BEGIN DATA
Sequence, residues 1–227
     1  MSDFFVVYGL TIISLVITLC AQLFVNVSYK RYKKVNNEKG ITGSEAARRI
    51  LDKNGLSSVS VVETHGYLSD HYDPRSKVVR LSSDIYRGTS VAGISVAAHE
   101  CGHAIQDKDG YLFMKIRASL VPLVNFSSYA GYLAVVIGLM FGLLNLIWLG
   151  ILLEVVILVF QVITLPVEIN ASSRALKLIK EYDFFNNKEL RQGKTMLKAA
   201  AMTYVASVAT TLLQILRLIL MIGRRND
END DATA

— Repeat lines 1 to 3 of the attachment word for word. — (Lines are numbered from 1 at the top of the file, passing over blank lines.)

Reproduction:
Sequence, residues 1–227
     1  MSDFFVVYGL TIISLVITLC AQLFVNVSYK RYKKVNNEKG ITGSEAARRI
    51  LDKNGLSSVS VVETHGYLSD HYDPRSKVVR LSSDIYRGTS VAGISVAAHE